Arranged marriages: I do or I do not?

By Tanvi Hathiramani

Growing up, whenever the topic of boys came up, all eyes were usually on me and not for the reasons you are probably thinking. In fact, I firmly believed boys had cooties until I was eight and I still feel that way towards men.

Even as a child, when I told people my family was from India, I often got asked, “are you going to have an arranged marriage?”

Even my teachers would ask me and I hate to say it, but, even up to now it still happens. I mean, let me take a look into my crystal ball and see what’s going to happen in 10 years.

But, I’ll be honest it’s never stopped me from moving forward in relationships. As a 16-year-old, the first thing that pops into my head when I have a crush on someone shouldn’t be, “are my parents going to be okay with the fact that he is Hispanic?”

The funny thing is, something people never truly realize is that Europeans have been arranging marriages since the 18th century. When Lord’s promised their daughter to another kingdom’s prince, that was an arranged marriage, take a look at Game of Thrones for example.

Yes, arranged marriages began in the Vedic period in Hindu culture, but the history books usually leave out that the Chinese embraced arranged marriages and so did royal families.

Personally, I’m not opposed to arranged marriages, what I am opposed to is the negative connotation behind it. If there’s someone who just can’t meet a man on her own and needs to be set up by her family members then so be it, we’re no one to judge.

I’ve seen arranged marriages both blow up and flourish into a beautiful relationship.

As an Indian woman, I have considered the idea of an arranged marriage. Not in the sense of getting married to someone I’ve never met before, but merely getting introduced to someone, somewhat like Tinder. And if that happens, then so be it, but like I said I don’t have a crystal ball to predict the future.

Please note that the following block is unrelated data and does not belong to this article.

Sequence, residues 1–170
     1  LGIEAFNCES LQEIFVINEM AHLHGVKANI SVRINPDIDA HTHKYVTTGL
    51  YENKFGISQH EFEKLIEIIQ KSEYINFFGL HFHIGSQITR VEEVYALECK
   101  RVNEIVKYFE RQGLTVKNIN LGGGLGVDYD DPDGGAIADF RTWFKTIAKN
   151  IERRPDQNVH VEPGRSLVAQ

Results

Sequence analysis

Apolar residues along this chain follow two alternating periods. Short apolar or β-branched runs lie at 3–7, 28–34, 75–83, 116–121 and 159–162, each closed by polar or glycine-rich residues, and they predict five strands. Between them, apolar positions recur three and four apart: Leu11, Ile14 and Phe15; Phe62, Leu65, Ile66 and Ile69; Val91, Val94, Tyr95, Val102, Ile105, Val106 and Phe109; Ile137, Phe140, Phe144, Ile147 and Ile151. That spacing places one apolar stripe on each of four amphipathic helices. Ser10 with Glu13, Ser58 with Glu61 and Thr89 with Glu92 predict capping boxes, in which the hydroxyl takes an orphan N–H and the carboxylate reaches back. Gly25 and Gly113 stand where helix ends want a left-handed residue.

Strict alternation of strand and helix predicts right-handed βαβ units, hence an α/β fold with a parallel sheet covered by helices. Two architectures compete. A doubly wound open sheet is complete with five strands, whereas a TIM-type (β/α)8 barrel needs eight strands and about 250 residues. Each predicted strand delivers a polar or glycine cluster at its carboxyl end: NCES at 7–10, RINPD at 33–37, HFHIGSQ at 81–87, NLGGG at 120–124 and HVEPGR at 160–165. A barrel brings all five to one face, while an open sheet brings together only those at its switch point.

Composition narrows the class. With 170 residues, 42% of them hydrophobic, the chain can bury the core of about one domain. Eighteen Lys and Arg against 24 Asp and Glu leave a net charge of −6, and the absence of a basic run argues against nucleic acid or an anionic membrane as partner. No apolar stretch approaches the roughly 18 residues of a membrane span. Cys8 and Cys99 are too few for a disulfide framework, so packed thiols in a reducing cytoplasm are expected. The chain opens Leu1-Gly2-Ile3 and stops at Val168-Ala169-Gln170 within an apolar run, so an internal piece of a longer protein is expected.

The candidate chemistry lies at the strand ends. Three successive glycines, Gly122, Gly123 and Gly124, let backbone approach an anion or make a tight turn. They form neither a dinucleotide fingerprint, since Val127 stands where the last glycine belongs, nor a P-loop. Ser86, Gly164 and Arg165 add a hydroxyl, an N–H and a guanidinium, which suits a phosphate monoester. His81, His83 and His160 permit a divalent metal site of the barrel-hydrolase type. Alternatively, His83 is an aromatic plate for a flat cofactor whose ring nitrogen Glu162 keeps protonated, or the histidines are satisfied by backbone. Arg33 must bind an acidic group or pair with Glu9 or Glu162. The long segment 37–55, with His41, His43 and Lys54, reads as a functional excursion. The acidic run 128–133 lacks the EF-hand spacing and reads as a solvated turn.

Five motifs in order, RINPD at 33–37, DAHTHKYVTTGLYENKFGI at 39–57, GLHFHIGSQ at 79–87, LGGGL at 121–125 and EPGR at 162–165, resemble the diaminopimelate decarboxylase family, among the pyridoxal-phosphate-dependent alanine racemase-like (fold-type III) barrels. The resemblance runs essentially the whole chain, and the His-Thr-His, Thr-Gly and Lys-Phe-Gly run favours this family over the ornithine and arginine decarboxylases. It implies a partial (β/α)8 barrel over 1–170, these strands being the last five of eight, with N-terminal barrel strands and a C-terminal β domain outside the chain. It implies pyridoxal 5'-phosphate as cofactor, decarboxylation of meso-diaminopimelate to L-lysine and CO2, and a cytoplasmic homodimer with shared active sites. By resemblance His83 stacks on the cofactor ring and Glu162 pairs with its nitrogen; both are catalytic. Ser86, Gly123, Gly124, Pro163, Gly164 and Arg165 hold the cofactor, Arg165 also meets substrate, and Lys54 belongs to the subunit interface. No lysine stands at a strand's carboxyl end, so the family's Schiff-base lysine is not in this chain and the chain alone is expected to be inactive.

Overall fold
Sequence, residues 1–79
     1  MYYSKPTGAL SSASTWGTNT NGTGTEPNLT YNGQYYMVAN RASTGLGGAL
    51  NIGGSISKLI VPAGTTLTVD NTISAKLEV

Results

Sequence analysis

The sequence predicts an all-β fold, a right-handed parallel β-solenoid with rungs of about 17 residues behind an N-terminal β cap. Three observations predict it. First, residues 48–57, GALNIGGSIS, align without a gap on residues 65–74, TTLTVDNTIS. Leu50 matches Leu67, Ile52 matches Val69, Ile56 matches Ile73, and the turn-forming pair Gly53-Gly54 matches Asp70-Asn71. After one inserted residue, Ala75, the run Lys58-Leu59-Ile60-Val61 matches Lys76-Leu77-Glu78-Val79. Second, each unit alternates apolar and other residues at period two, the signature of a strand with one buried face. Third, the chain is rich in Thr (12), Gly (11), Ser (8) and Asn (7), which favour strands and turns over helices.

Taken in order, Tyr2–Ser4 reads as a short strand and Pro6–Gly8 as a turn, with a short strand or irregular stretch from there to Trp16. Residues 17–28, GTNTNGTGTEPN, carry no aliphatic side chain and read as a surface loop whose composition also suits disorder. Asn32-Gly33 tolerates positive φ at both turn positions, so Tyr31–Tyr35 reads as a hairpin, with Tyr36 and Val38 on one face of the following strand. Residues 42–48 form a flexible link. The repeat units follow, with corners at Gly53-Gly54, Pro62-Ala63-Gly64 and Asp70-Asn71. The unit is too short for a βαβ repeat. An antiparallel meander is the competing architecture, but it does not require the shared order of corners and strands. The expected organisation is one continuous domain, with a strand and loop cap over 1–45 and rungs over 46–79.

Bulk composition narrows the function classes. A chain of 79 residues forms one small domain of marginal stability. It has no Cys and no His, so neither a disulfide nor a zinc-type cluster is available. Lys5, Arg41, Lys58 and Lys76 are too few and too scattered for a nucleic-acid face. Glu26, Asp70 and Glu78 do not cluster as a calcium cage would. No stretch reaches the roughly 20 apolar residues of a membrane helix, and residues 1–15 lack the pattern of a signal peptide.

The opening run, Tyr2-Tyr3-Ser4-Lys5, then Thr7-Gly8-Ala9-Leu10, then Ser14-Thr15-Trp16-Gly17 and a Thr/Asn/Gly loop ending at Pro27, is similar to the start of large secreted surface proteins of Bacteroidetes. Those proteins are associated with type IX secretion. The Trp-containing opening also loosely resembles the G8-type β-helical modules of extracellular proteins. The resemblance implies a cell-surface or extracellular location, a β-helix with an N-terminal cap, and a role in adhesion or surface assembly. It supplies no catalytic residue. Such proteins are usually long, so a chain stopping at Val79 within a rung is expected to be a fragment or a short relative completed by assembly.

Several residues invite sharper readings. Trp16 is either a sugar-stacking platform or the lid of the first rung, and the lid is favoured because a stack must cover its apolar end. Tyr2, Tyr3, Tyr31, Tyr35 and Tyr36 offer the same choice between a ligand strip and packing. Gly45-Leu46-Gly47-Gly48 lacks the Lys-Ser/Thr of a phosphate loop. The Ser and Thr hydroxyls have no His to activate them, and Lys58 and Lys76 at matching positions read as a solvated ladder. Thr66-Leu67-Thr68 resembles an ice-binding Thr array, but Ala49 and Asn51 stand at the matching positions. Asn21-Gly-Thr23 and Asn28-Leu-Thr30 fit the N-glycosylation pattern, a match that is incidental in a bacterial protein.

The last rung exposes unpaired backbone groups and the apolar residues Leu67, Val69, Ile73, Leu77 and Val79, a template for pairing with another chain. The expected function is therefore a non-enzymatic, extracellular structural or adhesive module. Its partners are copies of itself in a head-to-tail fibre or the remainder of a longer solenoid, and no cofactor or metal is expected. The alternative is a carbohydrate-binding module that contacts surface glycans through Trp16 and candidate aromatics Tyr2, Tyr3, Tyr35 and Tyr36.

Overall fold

One thing that people haven’t understood yet, is that India is revolutionizing; not only their technology but their lifestyle, and that includes arranged marriages.

Parents are open to love-marriages, and they’re open to setting their kids up on coffee dates. It’s no longer slapping a ring on your finger before you can ask your hubby-to-be his name.

In fact, according to Statistic Brain, 53.25 percent of the marriages that happened in 2017 were arranged marriages.

If you google “arranged marriages” right now, I can guarantee that the first thing that’ll come out is an article about India, and I can guarantee that because I just did that search.

Here’s the cool thing about India; in all the arranged marriages that occur, only 6.3 percent of them end in divorce versus the love-marriages in the western culture that happen to have a 50 percent divorce rate.

And bear in mind: all these dating websites? That’s what the modern people call the first step to an arranged marriage.

Photo retrieved by Flickr.

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